By Gene and
Everyone we know who has an electronic fence for their dog agrees that it’s a good way to keep their dog on their property. Today’s invisible fences can give their dog the freedom to roam while their owners can feel assured the dog is safe in the yard. An added benefit is the ability to create boundaries within the property to restrain the dog from flower beds and shrubs and confine them to specific areas. And the fence eliminates the chore and cost of maintaining a hard fence that requires paint or stain. An in-ground fence system includes antenna wire, a transmitter, and a battery-powered receiver and collar. When the pet approaches the buried wire, the receiver delivers a warning sound and mild correction or shock if the pet crosses the boundary. It doesn’t hurt, and it usually happens only during the training period.
Here's the numbers: An electronic fence for a 1/4-acre lot, or approximately 600 linear feet of wire, with a second electronic boundary within the yard say, near a garden bed, costs about $977. You can buy a kit for about $300 and save 69 percent by installing it yourself. The job involves digging holes, laying wire, mounting a transformer, installing the receiver and connecting it all together. For an additional cost, you can rent a power lawn edger to eliminate digging.
You'll find do-it-yourself kits and installation information at Web sites like www.dogfencediy.com with detailed instructions on how to install and train a dog on an invisible fence.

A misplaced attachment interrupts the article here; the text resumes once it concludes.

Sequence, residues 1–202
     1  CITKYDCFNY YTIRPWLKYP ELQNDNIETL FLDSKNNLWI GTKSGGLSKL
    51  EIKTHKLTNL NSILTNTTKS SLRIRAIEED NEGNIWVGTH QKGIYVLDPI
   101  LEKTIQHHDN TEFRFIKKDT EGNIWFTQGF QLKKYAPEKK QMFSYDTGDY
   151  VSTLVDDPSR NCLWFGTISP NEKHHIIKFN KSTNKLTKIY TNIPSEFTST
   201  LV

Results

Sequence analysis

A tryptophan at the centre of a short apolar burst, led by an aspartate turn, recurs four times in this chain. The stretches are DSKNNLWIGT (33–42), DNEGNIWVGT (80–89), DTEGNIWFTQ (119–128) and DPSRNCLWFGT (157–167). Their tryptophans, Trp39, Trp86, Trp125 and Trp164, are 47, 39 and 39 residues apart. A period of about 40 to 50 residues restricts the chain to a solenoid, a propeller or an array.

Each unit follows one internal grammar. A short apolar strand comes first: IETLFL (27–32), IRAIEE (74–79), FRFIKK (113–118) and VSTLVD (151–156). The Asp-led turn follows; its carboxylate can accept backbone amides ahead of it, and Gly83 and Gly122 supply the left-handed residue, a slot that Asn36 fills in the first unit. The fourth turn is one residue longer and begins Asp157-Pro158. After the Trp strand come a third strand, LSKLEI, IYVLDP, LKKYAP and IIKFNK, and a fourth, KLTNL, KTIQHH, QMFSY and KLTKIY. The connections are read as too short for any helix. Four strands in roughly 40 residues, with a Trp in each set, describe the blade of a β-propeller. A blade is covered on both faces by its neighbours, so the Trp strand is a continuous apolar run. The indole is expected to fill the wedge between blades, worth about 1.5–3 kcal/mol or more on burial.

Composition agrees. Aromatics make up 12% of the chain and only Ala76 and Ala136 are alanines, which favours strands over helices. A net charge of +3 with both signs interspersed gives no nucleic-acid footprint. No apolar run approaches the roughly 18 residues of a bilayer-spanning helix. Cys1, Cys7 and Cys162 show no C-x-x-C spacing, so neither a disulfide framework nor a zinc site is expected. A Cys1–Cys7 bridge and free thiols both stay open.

A good time to add an invisible fence is when you’re planning to change the landscape of your yard so you can incorporate its placement in the design.
Since you're a dog lover you may be interested in the Jen Reviews post about the size of dog crates. Here's a link What Size Dog Crate Do You Need?
Wrapping up, given the average cost to install an invisible dog fence you can compare the price of a contractor’s bid with doing it yourself. For a local cost input your ZIP Code.
Improvement and Repair Cost Updated 2018
The cost and time data is generated by averaging labor and material data from annually updated cost books used by contractors and refined by the authors'
experience remodeling 13 houses. They are authors of 20 home improvement books and Do It Yourself or Not, a weekly column syndicated by Tribune Content
Agency. The national cost can be adjusted by ZIP Code.